Have a good weekend.

9 comments:

luckybunny said...

Hehe, it would be hard to stuff the wine in that loaded car! Our farm is 40 minutes of North of Kingston, we are near Smith's Falls :) Let us know next time you'll be through and you can stop and have a glass of wine!
I love, love, old books, that is amazing, what a great find.
Congrats on the cookies too - they look really yummy!

Kelly Magill said...

Norma, you do know you can freeze raw eggs? Just put them into ice cube containers freeze then pop them out into ziplocs. They keep for about 6-12 months.

Bug's Mommy said...

Norma,
Just a line to let you know, I'm enjoying your blog very much. You may remember my mother and I visited your shop in September during a very rainy camping trip. We both love the yarn we left with, and my mother's sock yarn has seen her through a pretty rough patch. Everything is looking up now, and she nearly has her first pair of socks completed. Stay warm this winter, Chrissy

Norma from Misty Haven Alpacas said...

LuckyBunny...for some reason I thought you in the northern NY state. I'm going to visit your farm someday for sure. I have to meet Douglas and Norman.

Kelly - thanks for the freezing eggs tip. I had no idea. Things like that just don't even occur to me...sadly I have little domestic skills.

Chrissy - Of course I remember you, your mom and daughter. I remember reading Woolbur to your daughter. Hope all is well at home and library world.

Thanks for stopping by.

Wooly Knits n Bits said...

Well, you can be sure that bottle of wine is well protected from any bumps you might encounter on your trip!
A good quiche with those eggs would be great.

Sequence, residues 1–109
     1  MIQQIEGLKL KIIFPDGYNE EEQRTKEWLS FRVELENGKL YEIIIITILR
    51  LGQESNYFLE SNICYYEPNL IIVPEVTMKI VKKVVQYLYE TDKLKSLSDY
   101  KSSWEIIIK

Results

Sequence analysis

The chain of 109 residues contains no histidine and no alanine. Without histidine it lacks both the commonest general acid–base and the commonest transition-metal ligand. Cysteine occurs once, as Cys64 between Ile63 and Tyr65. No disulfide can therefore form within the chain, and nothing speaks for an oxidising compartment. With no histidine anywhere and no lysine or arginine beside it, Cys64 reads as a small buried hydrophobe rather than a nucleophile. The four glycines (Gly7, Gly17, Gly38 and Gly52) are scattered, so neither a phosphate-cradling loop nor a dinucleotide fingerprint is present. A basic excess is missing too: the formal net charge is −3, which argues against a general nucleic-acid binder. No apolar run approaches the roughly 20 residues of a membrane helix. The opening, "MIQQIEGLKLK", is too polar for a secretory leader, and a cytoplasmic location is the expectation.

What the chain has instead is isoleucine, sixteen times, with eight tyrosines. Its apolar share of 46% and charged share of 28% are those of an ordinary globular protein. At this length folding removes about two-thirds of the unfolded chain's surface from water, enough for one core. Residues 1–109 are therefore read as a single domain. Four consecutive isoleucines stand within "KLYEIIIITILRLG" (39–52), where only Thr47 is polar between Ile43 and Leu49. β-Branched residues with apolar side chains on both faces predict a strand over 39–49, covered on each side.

Azure Islands Designs said...

I can picture you driving along the highway in your PT cruiser tuffs of alpaca fibre in your hair and a case/bottle of wine at your side!!! LOL

I don't bake anymore...it tastes too good!!! Besides I don't have any young children around to bake for. That's my excuse and I'm sticking to it!!!

Old books are a treasure...often interesting and informative, if not terribly accurate in this day and age.

Stay warm Norma...hope your four legged ones are as well!
Cheers

Wooly Knits n Bits said...

About frozen eggs, I just came across this blog post: http://my5acredream.blogspot.com/2011/01/cooking-with-my-frozen-eggs.html
Thought you might like to read it.

Norma from Misty Haven Alpacas said...

okay...I'm getting closer to domestic order with food. I have a quiche recipe on my counter (actually, it's been there for 5 days). Just have to remember to get all the grocery products in at the same time.
I'll keep you posted....
N

Sharon U said...

Hi Norma,
Happy New Year. Meringue cookies are a great way to use egg whites- and you can add chocolate chips for your daughter. And they are easy to make. Also my Mum makes a caramel custard that is wonderful that uses quite a few eggs. My three young hens are laying as well. The Ameracauna eggs have the green tinted shells, so are a novelty gift. Take care.